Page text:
The big reason why this fucks with me so much is that the underlying assumption is that Black Americans actively try to decenter, diminish, or otherwise harm African creators in their conceptions of Afrofuturism, when a look at how Black Americans approach Afrofuturism within their own writing and physical communities shows that this is not the truth. Black American Afrofuturists have always tried to pay respect to Africa and the connection that we have to the continent and our ancestors there. That is a foundational tenet of the idea. Afrofuturism for Black Americans has a political, ideological, and philosophical definition that has been defined by our experiences here, from beyond the slave ship until now. Black American Afrofuturist creators have not presumed to speak for African creators on this issue, nor have they openly called for de-centering them. If anything, the Afrofuturist work from Black Americans has been to clearly define what Afrofuturism means for themselves in their own sociopolitical realities. That should be the conversation here. Not one of de-centering and erasure. How can anyone argue that the best course of action to creating a more unified or inclusive definition of Afrofuturism is to diminish and eventually remove people’s experiences and those essential spiritual connections from the entire concept?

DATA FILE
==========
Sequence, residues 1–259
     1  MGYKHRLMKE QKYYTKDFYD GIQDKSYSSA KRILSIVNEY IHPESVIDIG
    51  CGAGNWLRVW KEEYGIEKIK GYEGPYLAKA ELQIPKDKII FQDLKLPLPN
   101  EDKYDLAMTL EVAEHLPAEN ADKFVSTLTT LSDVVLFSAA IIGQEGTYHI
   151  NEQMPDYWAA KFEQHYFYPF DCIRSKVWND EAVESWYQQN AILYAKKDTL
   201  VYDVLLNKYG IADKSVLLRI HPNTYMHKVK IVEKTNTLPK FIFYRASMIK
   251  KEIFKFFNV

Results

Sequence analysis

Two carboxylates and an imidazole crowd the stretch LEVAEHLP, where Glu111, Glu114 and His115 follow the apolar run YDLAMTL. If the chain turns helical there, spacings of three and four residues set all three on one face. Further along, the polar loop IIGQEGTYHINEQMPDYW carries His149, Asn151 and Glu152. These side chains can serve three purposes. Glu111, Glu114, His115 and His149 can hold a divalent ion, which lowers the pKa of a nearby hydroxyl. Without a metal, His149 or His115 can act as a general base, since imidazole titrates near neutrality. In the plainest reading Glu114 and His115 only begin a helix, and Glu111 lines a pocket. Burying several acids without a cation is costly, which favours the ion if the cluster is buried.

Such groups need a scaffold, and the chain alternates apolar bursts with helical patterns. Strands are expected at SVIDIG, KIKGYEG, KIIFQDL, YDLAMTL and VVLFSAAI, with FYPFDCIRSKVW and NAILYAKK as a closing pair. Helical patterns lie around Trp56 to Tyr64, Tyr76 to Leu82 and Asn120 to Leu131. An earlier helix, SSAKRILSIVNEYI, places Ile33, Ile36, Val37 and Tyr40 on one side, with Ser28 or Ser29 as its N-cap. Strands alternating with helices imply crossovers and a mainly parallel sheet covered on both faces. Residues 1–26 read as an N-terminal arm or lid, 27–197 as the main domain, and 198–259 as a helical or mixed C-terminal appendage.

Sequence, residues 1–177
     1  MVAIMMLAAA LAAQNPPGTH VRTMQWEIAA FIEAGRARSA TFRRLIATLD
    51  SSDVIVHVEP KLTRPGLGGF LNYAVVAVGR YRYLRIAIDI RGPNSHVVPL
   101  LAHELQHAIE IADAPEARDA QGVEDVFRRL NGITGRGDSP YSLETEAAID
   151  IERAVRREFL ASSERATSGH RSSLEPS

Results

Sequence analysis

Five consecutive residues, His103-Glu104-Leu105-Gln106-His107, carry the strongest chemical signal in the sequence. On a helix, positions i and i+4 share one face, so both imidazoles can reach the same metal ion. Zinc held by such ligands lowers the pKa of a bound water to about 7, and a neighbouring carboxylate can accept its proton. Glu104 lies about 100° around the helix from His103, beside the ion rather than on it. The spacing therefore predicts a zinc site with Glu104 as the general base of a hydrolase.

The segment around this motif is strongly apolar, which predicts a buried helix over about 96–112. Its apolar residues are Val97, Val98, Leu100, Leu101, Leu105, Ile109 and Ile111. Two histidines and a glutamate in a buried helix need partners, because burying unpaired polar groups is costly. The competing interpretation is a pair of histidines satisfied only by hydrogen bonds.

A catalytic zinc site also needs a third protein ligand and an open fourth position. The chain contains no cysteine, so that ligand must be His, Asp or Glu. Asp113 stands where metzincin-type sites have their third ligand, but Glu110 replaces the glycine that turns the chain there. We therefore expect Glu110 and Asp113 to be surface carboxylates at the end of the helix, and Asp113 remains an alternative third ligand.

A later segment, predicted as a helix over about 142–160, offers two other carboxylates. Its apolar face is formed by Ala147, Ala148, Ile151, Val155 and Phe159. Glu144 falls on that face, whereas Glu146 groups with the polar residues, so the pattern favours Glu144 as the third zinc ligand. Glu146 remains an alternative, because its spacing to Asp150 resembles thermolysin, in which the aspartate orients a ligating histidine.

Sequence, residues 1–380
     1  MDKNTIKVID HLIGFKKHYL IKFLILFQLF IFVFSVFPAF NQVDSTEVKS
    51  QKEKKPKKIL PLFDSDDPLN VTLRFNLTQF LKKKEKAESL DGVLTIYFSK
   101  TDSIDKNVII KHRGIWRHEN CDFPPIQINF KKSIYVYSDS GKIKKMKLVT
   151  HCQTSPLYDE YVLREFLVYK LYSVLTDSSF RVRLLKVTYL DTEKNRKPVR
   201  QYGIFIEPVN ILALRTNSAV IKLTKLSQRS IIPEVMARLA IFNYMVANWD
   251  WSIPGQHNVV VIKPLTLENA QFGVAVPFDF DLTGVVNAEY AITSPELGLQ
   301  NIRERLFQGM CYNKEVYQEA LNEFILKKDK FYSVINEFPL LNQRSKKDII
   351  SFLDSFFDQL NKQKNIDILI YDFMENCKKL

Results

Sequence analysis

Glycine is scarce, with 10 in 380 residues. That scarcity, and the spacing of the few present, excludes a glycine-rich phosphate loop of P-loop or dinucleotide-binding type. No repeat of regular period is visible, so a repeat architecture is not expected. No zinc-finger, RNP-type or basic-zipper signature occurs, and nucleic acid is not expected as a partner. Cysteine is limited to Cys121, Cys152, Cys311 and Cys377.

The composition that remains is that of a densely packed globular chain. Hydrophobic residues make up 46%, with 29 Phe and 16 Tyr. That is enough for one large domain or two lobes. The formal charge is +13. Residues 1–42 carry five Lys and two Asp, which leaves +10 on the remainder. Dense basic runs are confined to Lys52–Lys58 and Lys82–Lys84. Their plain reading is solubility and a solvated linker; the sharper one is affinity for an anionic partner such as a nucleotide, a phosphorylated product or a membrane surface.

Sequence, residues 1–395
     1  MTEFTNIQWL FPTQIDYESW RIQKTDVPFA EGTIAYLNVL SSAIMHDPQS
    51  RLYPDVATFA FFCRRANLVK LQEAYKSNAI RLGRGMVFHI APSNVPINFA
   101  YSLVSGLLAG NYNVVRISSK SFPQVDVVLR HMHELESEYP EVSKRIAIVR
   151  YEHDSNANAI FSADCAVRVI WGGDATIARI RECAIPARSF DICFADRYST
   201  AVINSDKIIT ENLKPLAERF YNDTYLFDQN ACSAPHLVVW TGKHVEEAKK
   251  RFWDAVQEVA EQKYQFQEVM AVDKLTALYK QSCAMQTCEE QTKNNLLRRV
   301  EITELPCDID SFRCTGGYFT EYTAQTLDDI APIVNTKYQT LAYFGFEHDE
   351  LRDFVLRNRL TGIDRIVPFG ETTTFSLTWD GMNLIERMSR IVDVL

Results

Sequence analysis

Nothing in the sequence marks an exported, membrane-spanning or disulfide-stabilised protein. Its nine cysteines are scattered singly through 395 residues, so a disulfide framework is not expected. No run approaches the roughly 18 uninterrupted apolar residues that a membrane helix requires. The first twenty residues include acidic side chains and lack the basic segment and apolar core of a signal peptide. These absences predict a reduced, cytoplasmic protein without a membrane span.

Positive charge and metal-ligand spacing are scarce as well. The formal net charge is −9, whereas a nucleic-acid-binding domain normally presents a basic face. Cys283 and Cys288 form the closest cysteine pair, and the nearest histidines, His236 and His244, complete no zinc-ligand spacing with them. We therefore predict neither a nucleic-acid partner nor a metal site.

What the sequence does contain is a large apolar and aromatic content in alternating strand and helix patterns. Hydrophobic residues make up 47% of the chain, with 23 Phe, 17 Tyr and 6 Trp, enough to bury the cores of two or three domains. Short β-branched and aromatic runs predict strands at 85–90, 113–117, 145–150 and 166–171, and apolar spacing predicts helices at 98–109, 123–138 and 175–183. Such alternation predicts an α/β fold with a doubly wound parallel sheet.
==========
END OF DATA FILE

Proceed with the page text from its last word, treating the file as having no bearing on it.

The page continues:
That argument also fucks with me because it removes and de-centers other groups of the African diaspora. (Shoutout to Caribbean writers for always providing perspective on this that my privilege as a Black American can cause me to miss). Centering Africans in Afrofuturism de-centers and eventually erases entire groups of people who are neither African nor Black American in identity or their location in physical space, people who because of their own connection to the Africa in themselves might benefit from the lessons and ideas they might generate from it. I thought that our goals here were to remove these barriers between each other, not create them.
I don’t claim to be an expert on Afrofuturism. I’m not in the academy–I’m an autodidact with a hunger to learn and create lasting systemic change. I’m a Black dude who loves Black people in all of our expressions. I’m a regular guy who writes speculative fiction because I always wanted to see myself in the stories I enjoyed reading. I’m a writer who works to create space and opportunity for Black writers everywhere, no matter who they are or where they’re from. I’m a dude who studies Afrofuturism because I see it as a liberation ideology that can create deep political and scientific agency and community shifts (and eventual transcendence…a post-now future text) among Black communities, no matter where they are. But I do know that the Afrofuturism space was intended for all Black people. Octavia Butler warned us about the human tendency to create hierarchy, and how it is like cancer, eating us from the inside and ultimately destroying us (shoutout to Lisa Bolekaja for that reminder). The argument that certain groups of people should be de-centered from our collective idea of Afrofuturism bows to that same white supremacist hierarchical ideal that has fucked up every good thing in the world so far. We should be better than that.